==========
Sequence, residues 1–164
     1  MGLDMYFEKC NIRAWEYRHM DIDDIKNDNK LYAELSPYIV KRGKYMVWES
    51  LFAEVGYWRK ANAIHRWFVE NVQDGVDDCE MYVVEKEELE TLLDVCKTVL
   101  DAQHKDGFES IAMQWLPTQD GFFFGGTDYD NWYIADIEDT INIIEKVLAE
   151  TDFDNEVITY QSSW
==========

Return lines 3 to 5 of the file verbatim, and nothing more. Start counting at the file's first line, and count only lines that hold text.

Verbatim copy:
    51  LFAEVGYWRK ANAIHRWFVE NVQDGVDDCE MYVVEKEELE TLLDVCKTVL
   101  DAQHKDGFES IAMQWLPTQD GFFFGGTDYD NWYIADIEDT INIIEKVLAE
   151  TDFDNEVITY QSSW